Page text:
From last years paid parental leave discussions.
Local women's advocates helped push for paid leave for city employees last year, but four weeks is not enough. City of Seattle

There's a reason April 12 is Equal Pay Day. According to the White House, this is how long the typical woman would have to work—on top of the previous year—in order to make the same amount of money the typical man made last year alone. (It takes even longer for non-white women.)

Seattle continues to struggle with its own pay gap, which a 2013 report found was the worst in the nation. That gap is worse for private sector employees (73 cents on the dollar) than for city employees (90.5 cents on the dollar), but the city is lagging in helping either group.

I've written before about some of the things the city could do to help address this gap:

Expand paid parental leave for city workers, who currently get four weeks. (Good news: Seattle City Council member Lorena González plans to work this year on legislation addressing this.)

• Create a paid parental leave program for the private sector.

• Offer on-site childcare at City Hall.

• Recruit more women into the city's largest departments, including police, fire, and City Light. One way to do that: Change who gets preference points during the hiring process. I've explained how that would work here.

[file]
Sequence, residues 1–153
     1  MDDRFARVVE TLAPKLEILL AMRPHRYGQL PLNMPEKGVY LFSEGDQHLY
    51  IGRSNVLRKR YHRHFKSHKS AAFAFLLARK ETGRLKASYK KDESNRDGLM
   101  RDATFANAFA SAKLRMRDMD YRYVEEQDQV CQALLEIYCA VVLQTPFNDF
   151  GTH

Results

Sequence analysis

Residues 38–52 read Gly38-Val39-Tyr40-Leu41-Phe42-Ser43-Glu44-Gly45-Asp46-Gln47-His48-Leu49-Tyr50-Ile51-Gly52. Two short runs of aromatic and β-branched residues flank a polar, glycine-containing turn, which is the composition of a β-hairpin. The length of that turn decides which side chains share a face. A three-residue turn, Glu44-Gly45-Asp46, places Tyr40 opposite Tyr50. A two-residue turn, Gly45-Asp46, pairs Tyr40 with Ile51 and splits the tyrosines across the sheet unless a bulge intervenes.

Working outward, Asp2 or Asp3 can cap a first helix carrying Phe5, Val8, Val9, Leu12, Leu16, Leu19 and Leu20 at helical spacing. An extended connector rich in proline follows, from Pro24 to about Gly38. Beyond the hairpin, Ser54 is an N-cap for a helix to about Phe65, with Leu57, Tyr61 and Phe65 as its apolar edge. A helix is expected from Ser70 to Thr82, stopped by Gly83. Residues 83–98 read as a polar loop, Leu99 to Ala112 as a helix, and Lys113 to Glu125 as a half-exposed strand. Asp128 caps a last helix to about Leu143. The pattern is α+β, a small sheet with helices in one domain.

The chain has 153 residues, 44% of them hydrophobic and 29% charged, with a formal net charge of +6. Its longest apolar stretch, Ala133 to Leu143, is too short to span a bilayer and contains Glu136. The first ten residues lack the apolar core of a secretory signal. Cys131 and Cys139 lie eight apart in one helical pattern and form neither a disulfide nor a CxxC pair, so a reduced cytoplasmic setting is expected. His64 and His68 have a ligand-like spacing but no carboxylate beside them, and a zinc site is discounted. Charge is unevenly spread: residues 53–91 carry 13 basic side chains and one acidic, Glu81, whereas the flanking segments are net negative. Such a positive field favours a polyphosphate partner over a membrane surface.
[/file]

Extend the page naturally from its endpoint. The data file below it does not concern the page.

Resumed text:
• Look at the gender equity of companies getting handouts from the city, like street vacations or tax exemptions.

A new issue has emerged, too: secure scheduling for hourly workers. A recent survey from the union-funded group Working Washington found that women were more likely to receive only a week's notice or less of when they were scheduled to work.

When hourly workers get their schedules, according to a survey of 300 workers by Working Washington.
When hourly workers get their schedules, according to a survey of 300 workers by Working Washington. Working Washington

Having little advance notice of your work schedule makes it harder to find another job, go back to school, or arrange childcare (a responsibility that still disproportionately falls on women). The city council is talking some more about secure scheduling right now.

Meanwhile, at Westlake Center beginning at 11:30 this morning, advocacy groups are selling baked goods with pay gap pricing: 77 cents for women, $1 for men. Get down there.